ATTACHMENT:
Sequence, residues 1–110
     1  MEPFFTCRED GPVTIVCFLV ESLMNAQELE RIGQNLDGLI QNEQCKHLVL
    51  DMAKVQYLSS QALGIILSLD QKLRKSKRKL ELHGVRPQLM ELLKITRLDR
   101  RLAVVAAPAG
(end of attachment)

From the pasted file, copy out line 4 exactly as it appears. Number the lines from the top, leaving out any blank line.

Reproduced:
   101  RLAVVAAPAG